Business Digest


April 09, 2004

In The Region

Rite Aid reports fourth-quarter profit of $53.3 million

Rite Aid Corp. reported a fourth-quarter profit and finished its first profitable year since an accounting scandal forced the deeply indebted company to restate its results.

The nation's third-largest drugstore chain behind Walgreen Co. and CVS Corp. reported yesterday its earnings available to common shareholders came to $53.3 million, or 9 cents per share, for the fiscal quarter that ended Feb. 28. The results beat analysts' estimates by a penny a share.

In the same quarter a year earlier, the company said, it lost $8.3 million, or 2 cents a share, after costs for preferred stock dividends.

Revenue for the latest quarter was $4.4 billion, compared with $4.14 billion last year. Sales in stores that were open at least a year increased 6.4 percent, the company said.

Citizens National wins OK to buy Fidelity Bank branch

Citizens National Bank of Berkeley Springs, W.Va., has won regulatory approval to acquire The Fidelity Bank's branch in Hancock. It's Citizens National's first foray outside West Virginia.

Fidelity is a subsidiary of Baltimore-based Mercantile Bankshares. Details of the deal, which is expected to be completed in mid-June, were not released.

Citizens National said the acquisition of the Maryland branch bank will boost its assets to more than $216 million. It has branch offices in Berkeley Springs, Hedgesville and Martinsburg, and plans to open another in Spring Mills.

Constellation NewEnergy is given Perdue contract

Constellation NewEnergy, the energy supply subsidiary of Baltimore-based Constellation Energy Group, has been awarded a contract to supply electricity to Perdue Farms' Maryland poultry processing facilities. The amount was not disclosed.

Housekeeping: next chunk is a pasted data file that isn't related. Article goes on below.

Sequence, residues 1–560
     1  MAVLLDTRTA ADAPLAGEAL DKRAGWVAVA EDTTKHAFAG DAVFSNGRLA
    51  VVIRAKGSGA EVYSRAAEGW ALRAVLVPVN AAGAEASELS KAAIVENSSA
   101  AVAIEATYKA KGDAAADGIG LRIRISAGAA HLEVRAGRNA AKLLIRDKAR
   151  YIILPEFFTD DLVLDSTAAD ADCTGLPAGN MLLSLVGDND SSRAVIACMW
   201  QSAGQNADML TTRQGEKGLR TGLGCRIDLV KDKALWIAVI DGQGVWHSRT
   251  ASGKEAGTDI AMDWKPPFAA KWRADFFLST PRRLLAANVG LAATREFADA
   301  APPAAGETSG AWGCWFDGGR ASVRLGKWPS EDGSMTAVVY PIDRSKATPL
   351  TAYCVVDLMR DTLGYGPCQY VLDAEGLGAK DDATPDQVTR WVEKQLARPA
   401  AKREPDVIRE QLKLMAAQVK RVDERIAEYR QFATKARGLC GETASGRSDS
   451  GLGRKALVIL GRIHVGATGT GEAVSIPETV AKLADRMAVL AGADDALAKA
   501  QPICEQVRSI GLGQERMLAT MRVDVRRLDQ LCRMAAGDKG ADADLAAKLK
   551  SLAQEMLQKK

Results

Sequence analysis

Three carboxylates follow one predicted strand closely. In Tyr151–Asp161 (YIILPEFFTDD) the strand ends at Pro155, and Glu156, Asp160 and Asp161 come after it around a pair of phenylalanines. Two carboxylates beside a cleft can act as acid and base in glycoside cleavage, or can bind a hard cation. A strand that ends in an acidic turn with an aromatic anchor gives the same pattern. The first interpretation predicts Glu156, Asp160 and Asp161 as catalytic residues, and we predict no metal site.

Privately owned Perdue had annual sales of more than $2.7 billion last year and is one of the largest poultry producers in the United States. It sells food products in more than 50 countries.


Boeing is seeking buyer for operations in Kansas, Oklahoma

Boeing Co. is looking for a buyer for its commercial aircraft and support operations in Wichita, Kan., and Oklahoma, according to an internal memo obtained yesterday by The Associated Press.

"We've now reached the point where the next logical step is to see whether there is market interest in these operations and, if so, how they might be valued," four Boeing executives wrote in the April 8 memo to all employees in Wichita, and Tulsa and McAlester, Okla.

The operations could fetch "a couple of billion" dollars, according to aerospace analyst Paul Nisbet, of JSA Research.

Gasoline prices expected to rise by a nickel a gallon

Gasoline prices will rise another nickel a gallon nationwide before the end of June but return to current levels before fall, the government said yesterday, warning of possible higher price spikes in the Northeast and on the West Coast.

The Energy Department said in its annual summer fuels report that prices over the April-September period are expected to average $1.76 a gallon nationwide.

New nominee picked for manufacturing czar

The Bush administration tapped a California businessman yesterday to become its manufacturing czar after the first pick withdrew his nomination over criticisms his company cut U.S. jobs and shifted work to China.

Commerce Secretary Donald L. Evans said the administration would nominate Al Frink as assistant commerce secretary of manufacturing and services. Frink is a Hispanic businessman in Orange County, Calif.

This column was compiled from reports by Sun staff writers, the Associated Press and Bloomberg News.

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